- First, searches for Korea tend to turn up news of North Korea's nuclear test and related political problems. Not surprisingly, the topics covered by the 4,000 plus media sources in Google News and the search patterns shown by Insights for Search, tend to be highly correlated. Mainstream media coverage and global search patterns are both part of "World Attention" in this information era.
- Second, searches for Samsung and LG tend to center around information and communication technologies, notably television sets and mobile phones.
- Third, searches for Hyundai make it clear that Hyundai is viewed around the world as an automobile manufacturer, first and foremost.
- Fourth, the results for regional distribution of search behavior around the world show clearly that Korea's corporations have effectively established a presence in developing countries as well as those of the former Soviet Union and Eastern Europe.
Wednesday, August 20, 2008
Television's Window on the World, was based on my doctoral dissertation and attempted to do something similar with U.S. network television in the 1970s. Today, thanks to the internet and some new Google services, it is possible to do a "World Attention Survey," with much less manual effort than when Laswell was conducting his research or when I laboriously, with the help of research assistants, hand-coded television content for analysis in my dissertation. To illustrate the possibilities, I will show in this post how Google Insight, its brand-new service, can be used to shed empirical light on the question of Korea's national or brand image. In an earlier post, I showed how searches of Google News could be used to help analyze Korea's national image. Google Insight provides an important new piece of the puzzle about national image because it shows patterns of search activity on the internet by people around the world. If you doubt this, take a look at the results of the following global, unfiltered set of searches on Google Insights for Search. Just click on the links to see the results of worldwide search activity, from 2004 to the present, for each of the following terms.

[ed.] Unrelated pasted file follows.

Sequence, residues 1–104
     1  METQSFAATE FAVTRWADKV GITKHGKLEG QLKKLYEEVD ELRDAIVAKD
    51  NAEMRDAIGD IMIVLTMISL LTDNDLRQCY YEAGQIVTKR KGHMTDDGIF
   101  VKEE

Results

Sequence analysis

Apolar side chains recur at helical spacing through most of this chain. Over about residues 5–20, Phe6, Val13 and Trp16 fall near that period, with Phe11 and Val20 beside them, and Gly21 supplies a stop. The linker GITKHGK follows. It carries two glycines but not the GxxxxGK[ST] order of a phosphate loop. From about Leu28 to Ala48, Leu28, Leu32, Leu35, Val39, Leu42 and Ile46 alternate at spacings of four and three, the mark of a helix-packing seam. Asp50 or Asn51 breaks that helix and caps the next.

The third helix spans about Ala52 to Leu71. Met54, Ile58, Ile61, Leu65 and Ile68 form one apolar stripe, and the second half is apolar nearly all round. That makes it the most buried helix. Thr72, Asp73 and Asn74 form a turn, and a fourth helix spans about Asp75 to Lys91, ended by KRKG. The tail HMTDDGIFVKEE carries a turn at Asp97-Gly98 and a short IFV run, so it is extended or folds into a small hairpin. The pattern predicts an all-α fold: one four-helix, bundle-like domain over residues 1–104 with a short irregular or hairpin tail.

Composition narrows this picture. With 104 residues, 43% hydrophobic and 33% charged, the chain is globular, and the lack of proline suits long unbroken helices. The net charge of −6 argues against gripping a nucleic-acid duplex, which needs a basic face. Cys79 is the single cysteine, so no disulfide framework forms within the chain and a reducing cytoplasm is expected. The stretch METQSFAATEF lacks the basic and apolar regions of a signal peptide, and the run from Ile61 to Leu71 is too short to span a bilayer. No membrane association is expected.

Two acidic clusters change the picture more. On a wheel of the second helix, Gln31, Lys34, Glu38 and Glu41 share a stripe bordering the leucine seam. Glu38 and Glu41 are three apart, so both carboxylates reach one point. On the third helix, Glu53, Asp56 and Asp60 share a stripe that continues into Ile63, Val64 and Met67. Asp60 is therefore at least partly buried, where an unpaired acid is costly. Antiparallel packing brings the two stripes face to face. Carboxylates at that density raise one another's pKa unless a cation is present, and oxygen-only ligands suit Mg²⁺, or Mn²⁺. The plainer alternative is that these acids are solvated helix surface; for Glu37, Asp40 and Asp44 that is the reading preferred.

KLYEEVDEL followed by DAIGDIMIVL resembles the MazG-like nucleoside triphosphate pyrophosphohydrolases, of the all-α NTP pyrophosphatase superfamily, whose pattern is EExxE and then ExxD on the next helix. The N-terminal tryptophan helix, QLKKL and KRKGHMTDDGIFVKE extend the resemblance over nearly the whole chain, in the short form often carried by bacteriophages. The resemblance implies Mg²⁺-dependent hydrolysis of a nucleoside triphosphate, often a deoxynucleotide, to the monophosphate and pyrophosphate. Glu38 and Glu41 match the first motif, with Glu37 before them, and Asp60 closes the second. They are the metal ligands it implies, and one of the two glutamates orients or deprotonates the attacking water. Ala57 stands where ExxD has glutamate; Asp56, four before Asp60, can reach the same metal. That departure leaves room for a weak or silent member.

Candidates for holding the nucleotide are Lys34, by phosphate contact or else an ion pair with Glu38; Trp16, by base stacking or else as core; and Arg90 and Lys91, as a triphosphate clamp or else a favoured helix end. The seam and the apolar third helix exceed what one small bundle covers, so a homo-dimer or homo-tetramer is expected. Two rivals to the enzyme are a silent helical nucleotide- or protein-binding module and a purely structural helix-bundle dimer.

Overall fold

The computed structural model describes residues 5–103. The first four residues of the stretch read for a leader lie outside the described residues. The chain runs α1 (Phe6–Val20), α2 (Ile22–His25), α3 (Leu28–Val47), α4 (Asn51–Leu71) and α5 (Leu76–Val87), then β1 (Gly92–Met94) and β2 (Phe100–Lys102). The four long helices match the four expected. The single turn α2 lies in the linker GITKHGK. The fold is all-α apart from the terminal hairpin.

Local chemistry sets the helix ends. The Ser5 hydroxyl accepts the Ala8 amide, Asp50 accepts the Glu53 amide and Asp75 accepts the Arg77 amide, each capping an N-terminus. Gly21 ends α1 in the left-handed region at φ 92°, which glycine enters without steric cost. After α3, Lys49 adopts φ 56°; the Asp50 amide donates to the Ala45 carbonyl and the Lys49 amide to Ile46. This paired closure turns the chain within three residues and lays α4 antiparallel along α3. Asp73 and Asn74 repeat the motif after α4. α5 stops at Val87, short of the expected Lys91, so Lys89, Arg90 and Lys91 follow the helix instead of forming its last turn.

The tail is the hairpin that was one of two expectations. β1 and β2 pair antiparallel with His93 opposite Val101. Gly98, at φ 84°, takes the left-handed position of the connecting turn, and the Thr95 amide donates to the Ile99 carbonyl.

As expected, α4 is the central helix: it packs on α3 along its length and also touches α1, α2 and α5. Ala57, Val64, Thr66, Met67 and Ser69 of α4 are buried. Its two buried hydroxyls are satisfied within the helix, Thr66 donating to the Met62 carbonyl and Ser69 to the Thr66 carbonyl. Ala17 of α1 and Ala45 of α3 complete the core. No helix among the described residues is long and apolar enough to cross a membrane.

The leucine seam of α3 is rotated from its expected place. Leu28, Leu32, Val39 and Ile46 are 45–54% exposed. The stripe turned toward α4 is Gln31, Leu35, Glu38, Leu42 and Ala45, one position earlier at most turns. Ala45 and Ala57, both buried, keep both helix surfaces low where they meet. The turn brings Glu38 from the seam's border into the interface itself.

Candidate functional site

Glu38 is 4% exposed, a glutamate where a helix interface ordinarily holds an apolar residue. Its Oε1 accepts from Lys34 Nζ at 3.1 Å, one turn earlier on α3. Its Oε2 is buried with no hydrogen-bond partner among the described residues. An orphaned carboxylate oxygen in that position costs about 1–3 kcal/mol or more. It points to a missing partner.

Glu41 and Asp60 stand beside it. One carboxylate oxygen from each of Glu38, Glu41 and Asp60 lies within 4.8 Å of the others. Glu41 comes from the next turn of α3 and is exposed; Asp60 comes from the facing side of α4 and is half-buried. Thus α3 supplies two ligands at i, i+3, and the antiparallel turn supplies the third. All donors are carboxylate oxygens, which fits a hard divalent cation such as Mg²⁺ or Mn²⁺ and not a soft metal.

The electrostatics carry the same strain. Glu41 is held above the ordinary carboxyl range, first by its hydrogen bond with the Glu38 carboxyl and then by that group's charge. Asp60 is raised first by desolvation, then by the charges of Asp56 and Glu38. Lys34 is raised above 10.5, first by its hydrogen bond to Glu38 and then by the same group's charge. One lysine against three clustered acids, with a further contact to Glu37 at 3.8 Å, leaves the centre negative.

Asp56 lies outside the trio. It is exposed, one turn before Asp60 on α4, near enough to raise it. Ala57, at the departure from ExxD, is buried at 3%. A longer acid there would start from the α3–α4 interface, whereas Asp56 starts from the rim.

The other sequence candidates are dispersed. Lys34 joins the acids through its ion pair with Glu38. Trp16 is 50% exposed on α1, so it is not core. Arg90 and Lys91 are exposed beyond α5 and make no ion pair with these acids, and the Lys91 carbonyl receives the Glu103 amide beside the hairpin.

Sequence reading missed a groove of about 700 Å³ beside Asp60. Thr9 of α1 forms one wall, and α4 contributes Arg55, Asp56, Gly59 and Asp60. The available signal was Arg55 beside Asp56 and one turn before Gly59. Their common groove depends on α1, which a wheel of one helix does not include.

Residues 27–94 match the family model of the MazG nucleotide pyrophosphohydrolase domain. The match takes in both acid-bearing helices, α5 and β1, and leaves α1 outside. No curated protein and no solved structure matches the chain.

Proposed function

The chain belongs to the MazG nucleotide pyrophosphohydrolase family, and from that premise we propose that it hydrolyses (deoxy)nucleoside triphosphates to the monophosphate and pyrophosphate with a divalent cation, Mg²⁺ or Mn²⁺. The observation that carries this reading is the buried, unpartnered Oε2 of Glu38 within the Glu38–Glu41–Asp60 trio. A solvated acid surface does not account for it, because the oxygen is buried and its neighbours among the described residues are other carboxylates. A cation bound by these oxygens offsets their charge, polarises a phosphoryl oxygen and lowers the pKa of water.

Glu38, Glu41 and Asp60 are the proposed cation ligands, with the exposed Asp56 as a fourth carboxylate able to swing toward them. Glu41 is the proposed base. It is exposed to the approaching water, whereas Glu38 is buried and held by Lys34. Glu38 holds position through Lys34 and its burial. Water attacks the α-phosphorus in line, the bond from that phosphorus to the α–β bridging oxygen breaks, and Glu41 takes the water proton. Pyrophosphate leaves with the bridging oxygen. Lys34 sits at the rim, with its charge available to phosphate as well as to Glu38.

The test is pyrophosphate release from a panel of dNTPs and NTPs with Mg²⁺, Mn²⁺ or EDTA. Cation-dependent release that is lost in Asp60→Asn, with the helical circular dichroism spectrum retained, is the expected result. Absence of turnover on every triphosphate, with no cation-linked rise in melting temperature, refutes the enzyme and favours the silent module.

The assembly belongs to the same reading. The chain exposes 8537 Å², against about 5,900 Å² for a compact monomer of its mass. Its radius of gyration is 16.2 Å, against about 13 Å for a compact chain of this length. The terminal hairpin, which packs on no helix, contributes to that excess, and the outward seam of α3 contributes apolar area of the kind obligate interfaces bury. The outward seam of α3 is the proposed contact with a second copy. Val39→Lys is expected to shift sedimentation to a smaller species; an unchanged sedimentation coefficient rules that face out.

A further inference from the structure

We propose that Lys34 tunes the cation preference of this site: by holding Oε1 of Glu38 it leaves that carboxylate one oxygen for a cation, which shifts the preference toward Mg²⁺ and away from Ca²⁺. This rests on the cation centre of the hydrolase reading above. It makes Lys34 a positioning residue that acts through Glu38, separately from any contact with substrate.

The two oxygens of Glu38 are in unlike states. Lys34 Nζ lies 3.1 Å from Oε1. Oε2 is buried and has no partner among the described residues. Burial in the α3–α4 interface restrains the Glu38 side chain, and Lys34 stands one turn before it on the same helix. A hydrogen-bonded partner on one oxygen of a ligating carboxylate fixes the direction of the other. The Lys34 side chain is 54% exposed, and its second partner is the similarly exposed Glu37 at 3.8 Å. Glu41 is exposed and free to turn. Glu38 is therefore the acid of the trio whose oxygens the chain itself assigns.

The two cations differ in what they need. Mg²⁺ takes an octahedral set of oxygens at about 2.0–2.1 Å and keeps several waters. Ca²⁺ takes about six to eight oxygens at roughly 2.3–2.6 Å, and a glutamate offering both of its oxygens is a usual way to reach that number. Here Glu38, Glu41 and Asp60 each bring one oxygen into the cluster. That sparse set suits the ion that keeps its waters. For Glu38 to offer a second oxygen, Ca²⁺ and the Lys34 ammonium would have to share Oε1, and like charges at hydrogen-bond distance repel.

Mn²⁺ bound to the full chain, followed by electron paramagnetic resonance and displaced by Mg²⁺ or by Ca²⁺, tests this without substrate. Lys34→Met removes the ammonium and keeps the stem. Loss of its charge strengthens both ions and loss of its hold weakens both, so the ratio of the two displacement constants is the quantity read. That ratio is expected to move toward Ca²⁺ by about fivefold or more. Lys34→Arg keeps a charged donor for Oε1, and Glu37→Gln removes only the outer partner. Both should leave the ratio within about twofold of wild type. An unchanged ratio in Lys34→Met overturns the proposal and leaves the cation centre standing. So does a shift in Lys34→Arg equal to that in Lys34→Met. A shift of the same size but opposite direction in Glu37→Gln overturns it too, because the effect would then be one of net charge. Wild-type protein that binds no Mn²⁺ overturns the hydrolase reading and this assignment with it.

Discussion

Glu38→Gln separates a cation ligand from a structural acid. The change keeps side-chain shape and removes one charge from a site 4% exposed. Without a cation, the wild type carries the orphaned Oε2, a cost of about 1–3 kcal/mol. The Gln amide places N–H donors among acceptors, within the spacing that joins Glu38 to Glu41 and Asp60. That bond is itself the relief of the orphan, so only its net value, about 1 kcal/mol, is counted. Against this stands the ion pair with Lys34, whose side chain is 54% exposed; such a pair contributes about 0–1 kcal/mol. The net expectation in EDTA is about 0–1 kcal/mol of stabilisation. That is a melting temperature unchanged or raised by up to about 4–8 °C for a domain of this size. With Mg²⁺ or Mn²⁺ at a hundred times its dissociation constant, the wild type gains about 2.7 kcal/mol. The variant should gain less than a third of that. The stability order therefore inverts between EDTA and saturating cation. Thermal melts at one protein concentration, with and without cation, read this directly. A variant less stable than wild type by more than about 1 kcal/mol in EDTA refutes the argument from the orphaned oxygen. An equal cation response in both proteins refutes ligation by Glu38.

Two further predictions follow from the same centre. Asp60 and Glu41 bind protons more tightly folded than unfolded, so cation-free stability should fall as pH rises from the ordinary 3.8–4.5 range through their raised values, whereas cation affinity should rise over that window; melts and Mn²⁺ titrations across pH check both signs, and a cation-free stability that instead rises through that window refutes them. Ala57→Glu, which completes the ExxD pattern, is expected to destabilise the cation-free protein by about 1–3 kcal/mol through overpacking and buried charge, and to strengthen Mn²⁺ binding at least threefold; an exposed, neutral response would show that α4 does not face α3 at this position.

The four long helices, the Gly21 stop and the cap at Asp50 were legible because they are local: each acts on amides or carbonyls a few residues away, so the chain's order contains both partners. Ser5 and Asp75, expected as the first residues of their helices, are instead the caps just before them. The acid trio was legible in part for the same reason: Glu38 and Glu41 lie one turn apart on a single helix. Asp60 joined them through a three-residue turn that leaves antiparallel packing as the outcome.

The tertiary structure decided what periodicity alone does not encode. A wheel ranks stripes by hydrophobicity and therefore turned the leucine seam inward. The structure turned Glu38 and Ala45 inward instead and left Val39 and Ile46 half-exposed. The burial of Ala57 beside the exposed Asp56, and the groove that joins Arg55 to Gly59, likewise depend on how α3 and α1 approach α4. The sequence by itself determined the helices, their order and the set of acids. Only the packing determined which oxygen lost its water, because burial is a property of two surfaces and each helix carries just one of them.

from an article in the Joongang Ilbo, it has more Automatic Teller Machines (ATMs) per capita than any other nation in the world. Among 14 countries surveyed, Korea ranked second lowest in terms of the portion of an individual's assets held in either cash reserves or demand deposits. (click on the accompanying graphic to see a full size version)The use of a bank card, credit card or debit card to conduct transactions at an ATM is a very common experience for anyone living in Korea these days. Koreans have more credit and debit cards per person than any country in the world, with the exception of the United States, according to Bank of Korea data yesterday. And, as shown in the accompanying graphic